I’ve been thinking about what it would mean to take seriously the invisible, innovative work of healthcare delivery. We’d build novel two-way collaborations with frontline workers. We’d commit resources to documenting and examining what works. More prospectively designed research is needed, for sure, but we need to first find and invent the new ideas. Let’s harness action research, collaborative action learning, natural experiments, case studies, ethnographies and more.

Videographers, journalists, writers and masters of social media could make valuable and enriching contributions to the documentation. Systems thinkers and policy visionaries could add needed contextualisation and analysis to ensure that new ideas are aligned with health and development goals.

The resulting recognition of frontline workers’ efforts could help shore up their motivation and engagement. Acknowledging local innovations could encourage new leaders and change agents to emerge.

But this new movement could do much more: It could also equip innovators – leaders, administrators, reception staff, aides, physicians – to define and label the practices they co-develop or discover. Academics, educators and professional experts could help establish results, then connect high-impact innovations to existing knowledge, management training and communities of practice. This could allow innovators to find their own improvements in a broader set of professional frameworks and methods. Innovators could tap into others’ experience and know-how, contribute to shared knowledge and help advance techniques across domains and settings.

Over the years, professional practice in software development, manufacturing and clinical care benefited from such advancement. Imagine the gains if we could do the same. Frontline healthcare workers’ innovations could be codified, disseminated and improved upon, and we could finally follow our own advice by learning from each other and facilitating innovation that is grounded in frontline realities.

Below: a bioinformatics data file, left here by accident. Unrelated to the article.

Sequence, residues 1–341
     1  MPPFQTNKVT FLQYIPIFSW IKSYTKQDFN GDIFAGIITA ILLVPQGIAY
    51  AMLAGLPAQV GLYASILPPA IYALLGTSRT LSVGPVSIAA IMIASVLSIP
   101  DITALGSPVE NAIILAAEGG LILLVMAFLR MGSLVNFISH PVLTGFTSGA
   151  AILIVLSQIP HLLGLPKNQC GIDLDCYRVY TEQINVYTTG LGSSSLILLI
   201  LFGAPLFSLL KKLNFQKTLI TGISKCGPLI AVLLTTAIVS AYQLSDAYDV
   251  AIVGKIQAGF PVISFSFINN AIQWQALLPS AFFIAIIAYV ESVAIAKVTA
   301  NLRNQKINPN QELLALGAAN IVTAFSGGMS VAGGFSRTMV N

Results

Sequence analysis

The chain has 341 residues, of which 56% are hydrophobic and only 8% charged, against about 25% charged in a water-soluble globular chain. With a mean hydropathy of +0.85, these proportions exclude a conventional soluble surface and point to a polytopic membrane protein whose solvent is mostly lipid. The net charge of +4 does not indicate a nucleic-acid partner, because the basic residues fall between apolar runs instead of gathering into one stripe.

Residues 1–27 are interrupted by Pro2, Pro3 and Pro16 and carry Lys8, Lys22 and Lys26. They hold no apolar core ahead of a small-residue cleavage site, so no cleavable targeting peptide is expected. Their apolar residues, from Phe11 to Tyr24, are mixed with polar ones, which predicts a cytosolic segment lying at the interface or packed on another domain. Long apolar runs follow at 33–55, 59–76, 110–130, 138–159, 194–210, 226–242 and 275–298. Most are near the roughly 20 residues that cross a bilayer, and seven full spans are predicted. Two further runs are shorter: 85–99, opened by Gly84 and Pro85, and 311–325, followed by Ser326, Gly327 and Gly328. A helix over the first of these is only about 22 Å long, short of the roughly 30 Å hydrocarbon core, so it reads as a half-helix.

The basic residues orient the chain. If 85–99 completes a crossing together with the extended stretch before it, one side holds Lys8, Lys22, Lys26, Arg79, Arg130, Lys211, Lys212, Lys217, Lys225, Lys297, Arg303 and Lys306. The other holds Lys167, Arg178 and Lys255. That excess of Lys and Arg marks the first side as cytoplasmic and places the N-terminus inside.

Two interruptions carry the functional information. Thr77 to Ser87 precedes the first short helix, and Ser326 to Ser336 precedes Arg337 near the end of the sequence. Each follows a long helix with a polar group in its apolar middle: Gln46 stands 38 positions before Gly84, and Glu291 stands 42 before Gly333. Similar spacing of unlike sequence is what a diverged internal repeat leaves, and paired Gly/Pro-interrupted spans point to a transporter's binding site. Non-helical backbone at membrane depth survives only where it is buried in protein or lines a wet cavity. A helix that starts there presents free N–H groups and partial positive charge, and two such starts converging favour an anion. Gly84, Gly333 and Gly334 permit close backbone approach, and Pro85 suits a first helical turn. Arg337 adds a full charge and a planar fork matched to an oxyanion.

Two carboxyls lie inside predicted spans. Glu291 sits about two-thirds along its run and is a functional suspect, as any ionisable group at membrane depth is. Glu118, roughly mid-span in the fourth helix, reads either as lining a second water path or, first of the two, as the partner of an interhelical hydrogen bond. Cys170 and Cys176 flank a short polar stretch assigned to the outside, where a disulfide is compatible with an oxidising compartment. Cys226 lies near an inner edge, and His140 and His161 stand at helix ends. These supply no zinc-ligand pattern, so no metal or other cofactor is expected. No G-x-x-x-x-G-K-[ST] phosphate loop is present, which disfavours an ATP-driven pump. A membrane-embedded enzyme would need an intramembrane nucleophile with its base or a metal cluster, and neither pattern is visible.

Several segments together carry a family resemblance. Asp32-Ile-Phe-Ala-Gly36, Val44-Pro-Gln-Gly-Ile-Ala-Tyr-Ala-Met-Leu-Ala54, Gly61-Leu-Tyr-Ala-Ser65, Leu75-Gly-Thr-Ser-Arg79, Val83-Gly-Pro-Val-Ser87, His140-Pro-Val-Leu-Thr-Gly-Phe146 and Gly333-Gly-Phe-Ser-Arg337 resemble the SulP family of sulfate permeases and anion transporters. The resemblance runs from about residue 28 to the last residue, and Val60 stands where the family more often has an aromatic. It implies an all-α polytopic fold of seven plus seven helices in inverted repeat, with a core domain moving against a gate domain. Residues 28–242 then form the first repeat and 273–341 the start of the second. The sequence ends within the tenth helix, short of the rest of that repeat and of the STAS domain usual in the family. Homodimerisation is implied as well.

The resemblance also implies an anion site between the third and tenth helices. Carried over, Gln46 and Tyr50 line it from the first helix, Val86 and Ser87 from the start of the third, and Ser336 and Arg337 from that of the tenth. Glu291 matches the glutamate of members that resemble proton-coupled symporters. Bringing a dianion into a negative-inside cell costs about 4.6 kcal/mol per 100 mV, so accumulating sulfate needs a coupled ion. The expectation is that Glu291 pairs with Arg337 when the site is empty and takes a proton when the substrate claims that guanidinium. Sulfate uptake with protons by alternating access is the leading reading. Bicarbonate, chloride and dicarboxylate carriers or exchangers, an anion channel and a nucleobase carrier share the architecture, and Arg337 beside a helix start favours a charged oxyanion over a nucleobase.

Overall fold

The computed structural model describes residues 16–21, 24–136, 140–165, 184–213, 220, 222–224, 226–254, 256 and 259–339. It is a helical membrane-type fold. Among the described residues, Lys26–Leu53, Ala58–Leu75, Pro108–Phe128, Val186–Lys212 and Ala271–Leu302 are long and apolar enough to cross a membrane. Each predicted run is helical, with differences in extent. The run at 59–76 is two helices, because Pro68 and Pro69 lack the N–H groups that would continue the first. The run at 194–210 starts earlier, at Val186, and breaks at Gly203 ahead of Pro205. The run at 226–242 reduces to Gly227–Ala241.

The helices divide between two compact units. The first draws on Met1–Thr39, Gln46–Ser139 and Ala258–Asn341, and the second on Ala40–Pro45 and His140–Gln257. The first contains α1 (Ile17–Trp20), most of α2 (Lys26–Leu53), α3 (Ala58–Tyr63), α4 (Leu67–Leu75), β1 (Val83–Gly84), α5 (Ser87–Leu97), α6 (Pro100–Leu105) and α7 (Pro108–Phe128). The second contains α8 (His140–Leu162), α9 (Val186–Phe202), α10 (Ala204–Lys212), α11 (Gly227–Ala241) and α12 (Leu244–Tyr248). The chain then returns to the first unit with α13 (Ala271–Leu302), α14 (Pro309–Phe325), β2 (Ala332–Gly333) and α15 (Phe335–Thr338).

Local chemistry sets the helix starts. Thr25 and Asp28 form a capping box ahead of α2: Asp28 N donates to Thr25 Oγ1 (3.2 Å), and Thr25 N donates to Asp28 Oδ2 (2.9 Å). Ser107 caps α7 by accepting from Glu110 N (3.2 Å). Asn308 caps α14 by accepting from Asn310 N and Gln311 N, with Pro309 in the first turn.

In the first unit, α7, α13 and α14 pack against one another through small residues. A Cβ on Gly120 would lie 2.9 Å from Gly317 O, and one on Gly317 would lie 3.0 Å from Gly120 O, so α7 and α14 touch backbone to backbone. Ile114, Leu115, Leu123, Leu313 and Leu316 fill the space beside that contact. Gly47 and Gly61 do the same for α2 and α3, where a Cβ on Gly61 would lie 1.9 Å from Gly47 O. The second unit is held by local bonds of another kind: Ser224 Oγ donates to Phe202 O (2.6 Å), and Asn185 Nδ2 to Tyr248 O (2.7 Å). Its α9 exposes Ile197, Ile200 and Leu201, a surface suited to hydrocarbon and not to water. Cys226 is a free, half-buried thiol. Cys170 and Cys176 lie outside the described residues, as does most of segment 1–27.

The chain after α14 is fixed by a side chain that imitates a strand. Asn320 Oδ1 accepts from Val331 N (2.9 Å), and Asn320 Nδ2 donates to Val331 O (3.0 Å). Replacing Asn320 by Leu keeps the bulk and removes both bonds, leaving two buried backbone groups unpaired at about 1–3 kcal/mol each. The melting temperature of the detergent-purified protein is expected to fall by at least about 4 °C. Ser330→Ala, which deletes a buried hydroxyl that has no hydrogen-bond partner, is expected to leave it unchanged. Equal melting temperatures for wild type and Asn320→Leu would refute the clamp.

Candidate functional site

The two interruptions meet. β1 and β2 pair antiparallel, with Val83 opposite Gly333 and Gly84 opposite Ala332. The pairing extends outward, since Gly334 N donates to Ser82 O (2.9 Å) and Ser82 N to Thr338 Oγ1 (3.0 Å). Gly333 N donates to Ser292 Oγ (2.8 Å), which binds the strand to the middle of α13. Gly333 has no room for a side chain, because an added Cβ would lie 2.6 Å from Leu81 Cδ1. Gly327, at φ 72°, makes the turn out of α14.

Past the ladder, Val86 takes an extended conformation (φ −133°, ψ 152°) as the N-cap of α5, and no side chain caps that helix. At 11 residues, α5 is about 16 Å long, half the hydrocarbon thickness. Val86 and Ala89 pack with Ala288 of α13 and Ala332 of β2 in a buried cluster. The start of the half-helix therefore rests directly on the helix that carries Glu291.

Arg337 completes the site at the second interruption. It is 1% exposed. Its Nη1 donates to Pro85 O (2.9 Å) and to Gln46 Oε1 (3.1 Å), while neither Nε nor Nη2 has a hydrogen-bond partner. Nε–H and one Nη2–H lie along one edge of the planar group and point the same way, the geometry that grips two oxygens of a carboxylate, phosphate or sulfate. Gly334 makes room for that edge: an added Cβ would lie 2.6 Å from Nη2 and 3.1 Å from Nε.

THREE INNOPINIONS ON HEALTHCARE INNOVATION: One is a pharmaceutical correspondent at the Financial Times in London, another is senior lecturer at the MIT Sloan School of Management, and the third is Director at the City of Cape Town for World Design Capital 2014. These are their thoughts on healthcare innovation.

  1. → Andrew Jack: Africa’s inherent innovative potential
  2. → Anjali Sastry: Make frontline innovation visible and change the system from the inside out
  3. → Richard Perez: The role of service-design in healthcare transformation

Adapted from the 2014 Health Innovator’s Review, compiled by Inclusive Healthcare Innovation, a joint initiative between the Bertha Centre for Social Innovation & Entrepreneurship at the University of Cape Town (UCT) Graduate School of Business, and the UCT Faculty of Health Sciences.

Inside | Anjali Sastry


Anjali is a senior lecturer at the MIT Sloan School of Management and the Director of the Groundwork Initiative and GlobalHealth Lab.